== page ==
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November 23, 2015

BlackSept2015078
Glenn_Curtiss_on_his_V-8_motorcycle,_Ormond_Beach,_Florida_1907Born in 1878, Glenn Curtiss was an aviation pioneer of the United States aircraft industry. Curtiss began his career building bicycles. Mastering the day’s best technology, he moved on to create intricately designed motorcycles. Testament to his ingenuity was his ability to make the most efficient parts from crude materials. For example, his first motorcycle sported a powerful carburetor fabricated from a tomato soup can with a gauze screen. In 1907, Curtiss raced his V-8 motorcycle to a speed record of 136 mph. His success in engine design propelled him into aviation.

Black Sept 2015 064The 1900s took off with a fanatic craze of flying machines. In 1909, Glenn Curtiss contributed his Curtiss Pusher to this growing industry. The elaborately constructed plane captured the imagination of people worldwide. Unique design features of the bi-plane include positioning the propeller and revolutionary Curtiss OX-5 engine behind the pilot.  Curtis continued to innovate for decades, developing new models of aircraft until his death in 1930.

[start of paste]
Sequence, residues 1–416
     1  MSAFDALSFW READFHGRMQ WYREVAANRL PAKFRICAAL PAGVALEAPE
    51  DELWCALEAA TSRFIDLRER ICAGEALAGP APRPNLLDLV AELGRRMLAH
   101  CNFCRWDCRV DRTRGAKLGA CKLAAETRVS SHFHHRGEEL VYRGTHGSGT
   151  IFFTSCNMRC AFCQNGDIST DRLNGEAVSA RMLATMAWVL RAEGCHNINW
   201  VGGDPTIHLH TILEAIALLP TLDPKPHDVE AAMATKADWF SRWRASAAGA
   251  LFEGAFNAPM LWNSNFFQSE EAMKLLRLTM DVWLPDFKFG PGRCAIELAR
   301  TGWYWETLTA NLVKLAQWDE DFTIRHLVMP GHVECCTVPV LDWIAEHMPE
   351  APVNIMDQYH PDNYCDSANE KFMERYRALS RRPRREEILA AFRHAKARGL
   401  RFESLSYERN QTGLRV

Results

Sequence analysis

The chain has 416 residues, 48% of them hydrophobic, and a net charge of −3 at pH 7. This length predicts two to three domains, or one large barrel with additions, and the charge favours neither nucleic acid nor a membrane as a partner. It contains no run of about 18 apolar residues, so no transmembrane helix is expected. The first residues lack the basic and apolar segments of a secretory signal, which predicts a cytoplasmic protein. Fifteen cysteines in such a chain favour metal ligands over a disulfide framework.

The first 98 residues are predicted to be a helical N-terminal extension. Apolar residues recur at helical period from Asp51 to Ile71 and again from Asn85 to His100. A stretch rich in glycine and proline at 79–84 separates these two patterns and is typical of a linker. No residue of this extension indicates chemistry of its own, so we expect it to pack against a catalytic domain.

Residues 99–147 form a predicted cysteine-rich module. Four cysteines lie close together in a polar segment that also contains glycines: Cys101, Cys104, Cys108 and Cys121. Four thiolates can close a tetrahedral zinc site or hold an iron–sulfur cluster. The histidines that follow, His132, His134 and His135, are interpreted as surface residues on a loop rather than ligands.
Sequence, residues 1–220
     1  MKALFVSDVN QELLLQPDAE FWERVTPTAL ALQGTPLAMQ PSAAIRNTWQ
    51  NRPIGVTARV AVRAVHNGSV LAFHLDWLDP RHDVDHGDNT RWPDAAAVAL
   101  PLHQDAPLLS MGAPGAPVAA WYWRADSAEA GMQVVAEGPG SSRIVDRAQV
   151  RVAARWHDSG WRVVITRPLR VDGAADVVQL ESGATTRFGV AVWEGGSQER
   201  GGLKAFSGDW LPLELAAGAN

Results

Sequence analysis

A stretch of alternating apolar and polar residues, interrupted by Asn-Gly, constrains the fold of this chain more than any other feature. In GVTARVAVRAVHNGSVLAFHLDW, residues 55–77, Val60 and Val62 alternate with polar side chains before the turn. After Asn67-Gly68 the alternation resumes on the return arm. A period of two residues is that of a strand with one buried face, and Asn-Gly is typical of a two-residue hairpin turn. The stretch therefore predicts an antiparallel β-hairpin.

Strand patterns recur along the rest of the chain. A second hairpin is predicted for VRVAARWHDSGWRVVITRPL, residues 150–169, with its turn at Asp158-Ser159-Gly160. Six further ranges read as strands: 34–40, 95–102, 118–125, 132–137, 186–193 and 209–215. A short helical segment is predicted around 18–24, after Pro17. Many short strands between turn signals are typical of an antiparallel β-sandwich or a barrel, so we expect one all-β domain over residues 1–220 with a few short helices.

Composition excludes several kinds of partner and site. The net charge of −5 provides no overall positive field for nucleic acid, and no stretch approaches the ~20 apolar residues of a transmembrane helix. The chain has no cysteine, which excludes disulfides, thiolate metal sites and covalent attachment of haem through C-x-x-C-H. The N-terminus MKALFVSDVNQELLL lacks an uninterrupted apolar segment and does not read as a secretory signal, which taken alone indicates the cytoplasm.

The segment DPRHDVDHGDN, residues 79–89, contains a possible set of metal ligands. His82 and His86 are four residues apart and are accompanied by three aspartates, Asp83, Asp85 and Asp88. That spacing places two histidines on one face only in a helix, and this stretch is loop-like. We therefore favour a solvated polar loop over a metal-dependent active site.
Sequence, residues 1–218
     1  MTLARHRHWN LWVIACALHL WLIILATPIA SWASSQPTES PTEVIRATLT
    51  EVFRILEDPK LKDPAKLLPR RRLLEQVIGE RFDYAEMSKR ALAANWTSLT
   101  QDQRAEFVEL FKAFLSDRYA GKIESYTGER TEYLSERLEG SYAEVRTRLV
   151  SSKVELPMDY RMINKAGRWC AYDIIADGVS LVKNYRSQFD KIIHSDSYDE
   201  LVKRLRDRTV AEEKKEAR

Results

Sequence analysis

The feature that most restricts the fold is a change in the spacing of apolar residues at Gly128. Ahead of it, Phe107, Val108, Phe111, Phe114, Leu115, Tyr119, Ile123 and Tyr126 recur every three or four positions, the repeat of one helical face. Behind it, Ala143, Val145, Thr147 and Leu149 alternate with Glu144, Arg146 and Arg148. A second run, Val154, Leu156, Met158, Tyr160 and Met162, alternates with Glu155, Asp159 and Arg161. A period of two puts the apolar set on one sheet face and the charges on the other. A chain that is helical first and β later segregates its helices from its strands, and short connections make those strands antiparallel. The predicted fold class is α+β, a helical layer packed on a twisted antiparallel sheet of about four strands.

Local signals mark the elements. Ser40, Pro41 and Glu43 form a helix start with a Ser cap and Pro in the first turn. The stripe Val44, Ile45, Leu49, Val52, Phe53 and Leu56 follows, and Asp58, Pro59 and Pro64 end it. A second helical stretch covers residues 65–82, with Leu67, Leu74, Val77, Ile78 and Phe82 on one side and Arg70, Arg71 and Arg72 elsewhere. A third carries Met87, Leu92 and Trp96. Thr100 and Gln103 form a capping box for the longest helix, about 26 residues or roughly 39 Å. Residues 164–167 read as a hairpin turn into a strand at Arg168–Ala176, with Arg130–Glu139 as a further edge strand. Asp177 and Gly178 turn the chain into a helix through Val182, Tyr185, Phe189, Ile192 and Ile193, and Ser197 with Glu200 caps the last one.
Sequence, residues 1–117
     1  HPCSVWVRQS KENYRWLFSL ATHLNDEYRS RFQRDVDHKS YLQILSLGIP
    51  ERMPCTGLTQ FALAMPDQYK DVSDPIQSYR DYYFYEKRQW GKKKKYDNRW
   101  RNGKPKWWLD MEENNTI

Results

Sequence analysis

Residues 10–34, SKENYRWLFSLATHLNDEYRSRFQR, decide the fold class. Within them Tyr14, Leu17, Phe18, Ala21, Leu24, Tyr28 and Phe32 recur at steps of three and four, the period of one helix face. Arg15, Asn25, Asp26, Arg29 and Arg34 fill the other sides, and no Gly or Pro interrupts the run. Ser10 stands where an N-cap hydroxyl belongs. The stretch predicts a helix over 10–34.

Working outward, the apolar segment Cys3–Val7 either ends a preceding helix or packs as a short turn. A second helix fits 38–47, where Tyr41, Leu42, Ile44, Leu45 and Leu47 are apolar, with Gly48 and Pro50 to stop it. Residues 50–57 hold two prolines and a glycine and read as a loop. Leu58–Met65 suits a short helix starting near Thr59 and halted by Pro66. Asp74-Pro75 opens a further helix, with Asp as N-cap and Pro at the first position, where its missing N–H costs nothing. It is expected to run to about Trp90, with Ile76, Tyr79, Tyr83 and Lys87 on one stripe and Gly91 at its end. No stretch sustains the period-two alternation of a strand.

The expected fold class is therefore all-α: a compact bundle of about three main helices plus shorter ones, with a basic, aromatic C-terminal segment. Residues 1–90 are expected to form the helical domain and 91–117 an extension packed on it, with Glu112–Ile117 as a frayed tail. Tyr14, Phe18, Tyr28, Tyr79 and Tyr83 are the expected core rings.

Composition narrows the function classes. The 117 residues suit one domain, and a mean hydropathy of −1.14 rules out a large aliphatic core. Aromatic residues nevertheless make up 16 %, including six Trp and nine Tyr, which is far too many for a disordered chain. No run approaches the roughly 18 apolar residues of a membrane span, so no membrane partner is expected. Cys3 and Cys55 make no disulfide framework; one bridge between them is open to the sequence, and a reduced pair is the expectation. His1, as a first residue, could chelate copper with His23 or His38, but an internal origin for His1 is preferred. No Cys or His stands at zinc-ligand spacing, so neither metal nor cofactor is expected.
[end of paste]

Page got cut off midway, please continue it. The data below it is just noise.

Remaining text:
Original Pusher parts and engines were thought lost to history until the Collings Foundation came across some remarkable treasures; 84 original Pusher air frame parts, ribs and spars in a Massachusetts attic and an OX-5 engine in a Pennsylvania basement. This launched an extraordinary restoration effort.

Black Sept 2015 054Century Aviation, based in East Wenatchee, Washington, took on the project. This team of world-class aircraft restoration experts is known for its displays at the Smithsonian and the Air Force Museum. They were pleasantly surprised to find the Pusher Aircraft parts arrive wrapped in August, 1915 Boston Globe newspapers. Over a two year period Century Aviation has meticulously restored and re-built the Pusher to airworthy condition. The aircraft will debut at the Ocean Reef Club Vintage Weekend in Florida.  From there it will go to SunN’Fun and Oshkosh, before moving to the Foundation’s Stow, Massachusetts
museum in 2016.

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